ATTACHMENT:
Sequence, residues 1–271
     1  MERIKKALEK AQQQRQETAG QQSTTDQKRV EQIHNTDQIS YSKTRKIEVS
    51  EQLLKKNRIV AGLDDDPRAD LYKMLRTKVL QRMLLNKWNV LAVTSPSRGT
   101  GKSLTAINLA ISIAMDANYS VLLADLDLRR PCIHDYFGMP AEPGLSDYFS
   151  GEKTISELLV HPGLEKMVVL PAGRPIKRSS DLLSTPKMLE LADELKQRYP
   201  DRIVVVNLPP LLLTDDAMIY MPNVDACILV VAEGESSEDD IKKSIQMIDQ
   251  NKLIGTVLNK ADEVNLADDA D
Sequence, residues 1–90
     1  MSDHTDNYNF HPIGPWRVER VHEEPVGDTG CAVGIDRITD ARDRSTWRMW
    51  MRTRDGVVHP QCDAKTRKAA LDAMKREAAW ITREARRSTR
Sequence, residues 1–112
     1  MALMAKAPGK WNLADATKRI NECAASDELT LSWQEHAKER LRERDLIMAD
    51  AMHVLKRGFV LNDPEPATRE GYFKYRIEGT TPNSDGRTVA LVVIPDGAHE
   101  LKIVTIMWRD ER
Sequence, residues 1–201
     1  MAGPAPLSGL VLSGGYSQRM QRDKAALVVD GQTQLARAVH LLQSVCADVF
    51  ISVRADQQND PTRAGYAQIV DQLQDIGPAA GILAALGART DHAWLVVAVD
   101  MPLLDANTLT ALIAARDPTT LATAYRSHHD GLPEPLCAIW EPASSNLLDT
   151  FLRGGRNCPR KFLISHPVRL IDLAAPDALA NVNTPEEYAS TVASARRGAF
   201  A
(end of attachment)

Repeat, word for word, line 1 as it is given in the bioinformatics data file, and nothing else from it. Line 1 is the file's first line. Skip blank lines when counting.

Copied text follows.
Sequence, residues 1–271